A: I’ve been writing for far longer than I can remember, but I honestly never seriously thought of myself as a writer until recently.
I started out as a voracious reader. I lived books, breathed books. Writing was something I did on the side, for myself, a clumsy attempt to emulate the books that gave me so much pleasure. A way to get those characters rattling around in my head out onto a page, to live out my dreams.
Throughout my late teenage years, things changed. From emailing chapters to my sister, I progressed to posting work online. I gained readers — readers who came back every week for more. Their encouragement and support made something click in my head. It confirmed to me that I wanted to be a writer, wanted to keep writing and sharing stories.
That’s when I started thinking of myself as a writer.
See, despite the romantic ideal of the lonely author locked up in a cave somewhere, inscribing words on a stone tablet fuelled only by alcohol and caffeine, I ultimately believe that writing is for readers. If you don’t want someone to read that story one day, why write it down? I think that’s why I only recently began to think of myself as a writer, because previously I wasn’t really writing to share.
Are you a writer if you don’t have readers? If a tree falls in an empty forest, does it make a sound?
Bio: A.M. Harte writes twisted speculative fiction, such as the zombie love anthology Hungry For You. She is excellent at missing deadlines, has long forgotten what ‘free time’ means, and is utterly addicted to chocolate.
A: From age 5-11, then not again until my 30’s. There was this whole, wide swath of time when I didn’t think I could ever “really” be a writer. I thought I needed someone else to tell me I was a writer, instead of just getting the hell out there and writing. Glad I finally figured it out—but wish I’d started 20 years earlier.
Bio: Wednesday lives in Ann Arbor, Michigan with her husband and two crafty cats. She is a member of the Horror Writer’s Association, and also enjoys Shostakovich, Dexter, loom knitting, The Simpsons, crafty things, quality horror of all kinds, and kettle cooked potato chips. She covers TV and movies for 411Mania, sexy stuff at Kinkly.com, and has done a ton of ghostwriting…though not about ghosts.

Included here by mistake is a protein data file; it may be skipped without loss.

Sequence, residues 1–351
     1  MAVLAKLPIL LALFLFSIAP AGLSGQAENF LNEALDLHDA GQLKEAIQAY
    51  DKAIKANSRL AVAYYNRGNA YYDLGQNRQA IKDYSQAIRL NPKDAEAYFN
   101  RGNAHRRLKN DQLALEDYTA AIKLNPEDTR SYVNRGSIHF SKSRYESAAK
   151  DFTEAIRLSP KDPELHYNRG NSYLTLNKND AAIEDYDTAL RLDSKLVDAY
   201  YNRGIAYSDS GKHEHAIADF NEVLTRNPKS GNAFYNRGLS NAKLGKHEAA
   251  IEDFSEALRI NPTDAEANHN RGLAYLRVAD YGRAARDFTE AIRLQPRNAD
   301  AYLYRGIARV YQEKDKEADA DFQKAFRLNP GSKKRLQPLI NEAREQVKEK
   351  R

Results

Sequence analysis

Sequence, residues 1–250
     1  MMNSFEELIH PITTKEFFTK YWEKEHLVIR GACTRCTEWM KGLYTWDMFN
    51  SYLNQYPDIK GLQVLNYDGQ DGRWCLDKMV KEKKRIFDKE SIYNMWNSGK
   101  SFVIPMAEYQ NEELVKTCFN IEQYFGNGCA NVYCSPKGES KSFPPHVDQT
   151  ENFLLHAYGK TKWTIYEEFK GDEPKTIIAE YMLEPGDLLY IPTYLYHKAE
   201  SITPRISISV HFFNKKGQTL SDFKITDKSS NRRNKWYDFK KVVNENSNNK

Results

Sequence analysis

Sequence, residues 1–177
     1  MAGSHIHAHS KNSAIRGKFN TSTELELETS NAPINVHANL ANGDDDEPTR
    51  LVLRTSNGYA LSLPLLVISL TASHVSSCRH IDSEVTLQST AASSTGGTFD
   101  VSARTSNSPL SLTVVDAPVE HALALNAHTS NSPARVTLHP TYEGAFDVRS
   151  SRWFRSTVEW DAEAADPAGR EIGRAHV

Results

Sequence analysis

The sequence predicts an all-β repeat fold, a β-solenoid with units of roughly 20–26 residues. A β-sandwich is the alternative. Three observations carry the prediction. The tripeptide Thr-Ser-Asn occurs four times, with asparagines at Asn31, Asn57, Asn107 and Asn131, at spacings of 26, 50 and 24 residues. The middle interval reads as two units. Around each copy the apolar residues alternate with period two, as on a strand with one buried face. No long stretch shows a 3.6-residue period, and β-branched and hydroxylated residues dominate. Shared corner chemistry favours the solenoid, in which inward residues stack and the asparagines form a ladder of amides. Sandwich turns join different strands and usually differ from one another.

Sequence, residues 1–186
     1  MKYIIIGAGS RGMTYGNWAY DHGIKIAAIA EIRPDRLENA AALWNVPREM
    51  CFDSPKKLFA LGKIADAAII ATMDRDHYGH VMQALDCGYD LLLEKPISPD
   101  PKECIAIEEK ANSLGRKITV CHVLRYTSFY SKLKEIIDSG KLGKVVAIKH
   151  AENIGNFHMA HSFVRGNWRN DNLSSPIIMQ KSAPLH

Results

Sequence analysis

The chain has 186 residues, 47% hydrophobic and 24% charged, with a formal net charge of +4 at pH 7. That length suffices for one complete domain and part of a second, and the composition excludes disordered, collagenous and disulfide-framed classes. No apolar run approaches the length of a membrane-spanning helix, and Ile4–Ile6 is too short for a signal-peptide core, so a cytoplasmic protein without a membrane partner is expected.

This Way to Heaven
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26 Episodes now available.
Kindle Vella: Stories told one episode at a time.
Synopsis: As if their lives weren’t tough enough, a zombie apocalypse has changed the world for four boys living on the hard edge of life. Trapped in the apartment building where they live, they will be forced to embrace the darkness that lives within, if they hope to survive. It isn’t long before they learn the walking dead are the least of their worries as rivalries boil to the surface within their small group.
If that wasn’t bad enough they find out the basement is haunted by the ghosts of the past and a creature that needs to feed on their fear. Trapped between the terrors outside, and the horror within, their only hope lies behind a solitary door in the basement that appears to offer refuge.
But what will it cost to escape.?
About the author: Richard is the author of eight novels, three novellas, and a collection of short stories. His most recent novel is a paranormal ghost story titled Cursed. He is a member of the Horror Writers Association, and the Maryland Writers Association.